Government Actions this week
Government vows to improve Ganga's water quality
The change of ministers overseeing the Namame Ganga scheme has been followed by a surfeit of new project announcements.
What can Mr. Gadkari do that Uma Bharati could not? One component of the difference in styles is evident from the greater emphasis on monitoring in the new regime. Moreover, cleaning the Ganga requires buy-in and active participation from State Governments and various departments within the Central Government. Only time will tell whether Nitin Gadkari can succeed where Uma Bharati could not.
Individuals, private institutions get role in Mission Ganga
A new kind of public-private-partnership to clean the Ganga.
Greater funds are being allocated to get private agencies to help clean parts of the Ganga. Currently concentrating in sewage treatment plants, if successful such a program can easily spread to other components of cleaning the Ganga. What the ministry now needs is a mission mode approach with a focus on interacting and coordinating between government departments and private players in a cooperative environment. Implementation success rests on this ability of the new minister.
Niti Aayog plans to build India’s biggest dam in Arunachal Pradesh
A large 10,000 MW dam in Arunachal, proposes the Niti Aayog.
This government has many voices and many objectives, one of them stems from a love for large mega-projects. The proposed dam is over the Siang, which is the Brahmaputra’s main tributary that connects to the Yarlung Tsangpo, as the Brahmaputra is known. Mega hydel power projects cause massive destruction, but can also lead to great returns.
Dharmendra Pradhan launches piped natural gas project in Odisha
Biomass burning stoves are a large yet almost invisible polluter, piped gas to homes is a great solution.
Gas burning stoves release far lower pollutants, are healthier for the cook and the environment, and are relatively cheap in the long run. If one were to put together the combined pollutant release from all biomass burning stoves – firewood, gobar, straw, etc. they would outweigh that from the burning fields of Punjab and Haryana.
Adani’s Australia Story: What’s the Fuss All About?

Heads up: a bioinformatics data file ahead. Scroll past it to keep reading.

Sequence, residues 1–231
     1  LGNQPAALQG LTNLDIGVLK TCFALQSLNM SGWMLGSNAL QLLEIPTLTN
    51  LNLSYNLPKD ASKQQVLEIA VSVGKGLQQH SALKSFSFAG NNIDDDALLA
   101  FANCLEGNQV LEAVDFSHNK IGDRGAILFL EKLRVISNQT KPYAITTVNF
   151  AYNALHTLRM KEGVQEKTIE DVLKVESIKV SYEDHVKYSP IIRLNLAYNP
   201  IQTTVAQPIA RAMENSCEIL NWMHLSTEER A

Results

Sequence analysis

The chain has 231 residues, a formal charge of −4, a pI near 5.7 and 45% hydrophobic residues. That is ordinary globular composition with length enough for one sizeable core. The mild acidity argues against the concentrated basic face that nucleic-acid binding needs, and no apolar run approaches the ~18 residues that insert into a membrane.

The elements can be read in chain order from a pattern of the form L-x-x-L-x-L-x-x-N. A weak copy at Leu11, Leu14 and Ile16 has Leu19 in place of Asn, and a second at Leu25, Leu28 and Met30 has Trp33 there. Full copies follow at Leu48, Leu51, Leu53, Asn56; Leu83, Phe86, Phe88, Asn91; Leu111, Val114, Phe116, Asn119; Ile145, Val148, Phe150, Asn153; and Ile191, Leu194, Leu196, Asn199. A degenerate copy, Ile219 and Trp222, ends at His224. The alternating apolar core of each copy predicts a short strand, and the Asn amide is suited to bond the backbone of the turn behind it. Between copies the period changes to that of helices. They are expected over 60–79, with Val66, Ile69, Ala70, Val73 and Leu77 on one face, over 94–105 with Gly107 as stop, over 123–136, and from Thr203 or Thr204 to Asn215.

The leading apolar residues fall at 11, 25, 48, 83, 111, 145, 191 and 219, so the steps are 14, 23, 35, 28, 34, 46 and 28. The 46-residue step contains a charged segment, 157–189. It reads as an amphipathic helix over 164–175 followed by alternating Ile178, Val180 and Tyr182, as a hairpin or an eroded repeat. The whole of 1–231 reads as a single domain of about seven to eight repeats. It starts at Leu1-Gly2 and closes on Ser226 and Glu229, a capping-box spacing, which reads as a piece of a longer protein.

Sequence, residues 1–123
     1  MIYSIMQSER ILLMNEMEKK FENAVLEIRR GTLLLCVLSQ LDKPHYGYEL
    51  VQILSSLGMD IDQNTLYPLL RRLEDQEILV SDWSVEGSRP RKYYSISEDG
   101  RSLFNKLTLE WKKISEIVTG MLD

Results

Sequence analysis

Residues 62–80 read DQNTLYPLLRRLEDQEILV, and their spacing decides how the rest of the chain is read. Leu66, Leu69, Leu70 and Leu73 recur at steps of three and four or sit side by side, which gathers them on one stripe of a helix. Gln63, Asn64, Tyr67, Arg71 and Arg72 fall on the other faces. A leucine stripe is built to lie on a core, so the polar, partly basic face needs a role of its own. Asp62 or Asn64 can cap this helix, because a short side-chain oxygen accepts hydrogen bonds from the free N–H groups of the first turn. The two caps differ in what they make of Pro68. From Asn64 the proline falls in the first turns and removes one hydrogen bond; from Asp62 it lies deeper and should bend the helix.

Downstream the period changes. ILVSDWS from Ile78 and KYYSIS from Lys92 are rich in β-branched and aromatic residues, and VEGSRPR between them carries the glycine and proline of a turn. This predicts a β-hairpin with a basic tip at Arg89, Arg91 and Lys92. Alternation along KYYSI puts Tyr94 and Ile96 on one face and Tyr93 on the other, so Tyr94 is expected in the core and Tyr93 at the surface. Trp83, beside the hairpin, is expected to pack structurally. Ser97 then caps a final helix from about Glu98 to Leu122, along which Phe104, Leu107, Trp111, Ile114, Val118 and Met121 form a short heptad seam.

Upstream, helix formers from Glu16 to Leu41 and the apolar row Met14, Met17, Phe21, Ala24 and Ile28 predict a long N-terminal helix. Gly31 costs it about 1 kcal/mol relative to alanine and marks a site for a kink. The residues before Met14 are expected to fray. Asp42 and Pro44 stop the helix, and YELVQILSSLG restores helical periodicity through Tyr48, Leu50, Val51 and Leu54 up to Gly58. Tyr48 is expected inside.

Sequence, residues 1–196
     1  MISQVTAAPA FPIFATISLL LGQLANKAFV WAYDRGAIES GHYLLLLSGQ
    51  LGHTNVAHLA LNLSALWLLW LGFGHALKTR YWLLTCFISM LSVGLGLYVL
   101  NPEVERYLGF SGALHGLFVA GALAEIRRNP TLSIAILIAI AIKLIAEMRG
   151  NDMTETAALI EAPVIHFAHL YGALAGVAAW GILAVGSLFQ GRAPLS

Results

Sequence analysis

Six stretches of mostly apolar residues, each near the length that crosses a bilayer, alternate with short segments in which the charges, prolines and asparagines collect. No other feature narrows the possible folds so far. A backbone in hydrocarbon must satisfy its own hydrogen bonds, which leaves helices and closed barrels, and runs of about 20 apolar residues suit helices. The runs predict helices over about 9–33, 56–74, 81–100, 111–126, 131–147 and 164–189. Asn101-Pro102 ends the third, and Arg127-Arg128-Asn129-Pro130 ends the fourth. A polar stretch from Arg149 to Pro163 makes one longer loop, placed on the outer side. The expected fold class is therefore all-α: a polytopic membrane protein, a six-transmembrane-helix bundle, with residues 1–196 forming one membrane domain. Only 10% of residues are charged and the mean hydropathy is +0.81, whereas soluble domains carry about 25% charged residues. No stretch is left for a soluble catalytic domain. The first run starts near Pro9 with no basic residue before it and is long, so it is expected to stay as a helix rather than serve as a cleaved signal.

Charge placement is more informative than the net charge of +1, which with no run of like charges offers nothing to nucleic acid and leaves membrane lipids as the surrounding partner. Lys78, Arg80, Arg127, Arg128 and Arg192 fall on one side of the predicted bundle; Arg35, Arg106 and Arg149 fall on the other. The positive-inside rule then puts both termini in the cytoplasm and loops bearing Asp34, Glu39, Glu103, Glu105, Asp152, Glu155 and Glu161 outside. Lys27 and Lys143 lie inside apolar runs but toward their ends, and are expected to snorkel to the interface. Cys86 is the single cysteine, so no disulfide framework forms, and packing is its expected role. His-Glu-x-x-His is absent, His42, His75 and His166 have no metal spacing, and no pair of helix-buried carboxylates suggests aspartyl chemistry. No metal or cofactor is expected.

Adani’s massive Australian coal-mines face serious opposition.
Adani’s succeeded in winning mining rights over one of the largest coal mines in the world. But they are facing stiff opposition.
It is not clear how a massive coal mine will be commercially feasible in an era where renewable energy and gas prices are expected to fall steadily. But then clearly the Adani’s are betting big time on this project.
India’s Switch To EVs Can Be A Global Role Model For Climate Actions
India’s ongoing switch-over to electric vehicles is an example for the world.
The move to electric vehicles requires concerted action on many fronts. While key policy announcements have been made by various ministries, there is much required on the regulatory and rules front. I found this article to be overly optimistic, but one cannot take away from the gamut of actions being taken both at the central and state level.
Hot-mix plants still operate illegally in Noida
The NGT had banned hot mix plants used to make roads, but they continue to operate.
Hot mix is critical to make roads, but it pollutes the air. The NGT had ordered the closure of hot mix plants within Delhi. But as road building and maintenance improves in Delhi, the need for hot mix has gone up incentivizing the contractors and their suppliers to break the law. Hot mix is not an India specific issue, most other countries license and regulates its production. Somehow India is unable to do that without corruption and favoritism creeping into the picture.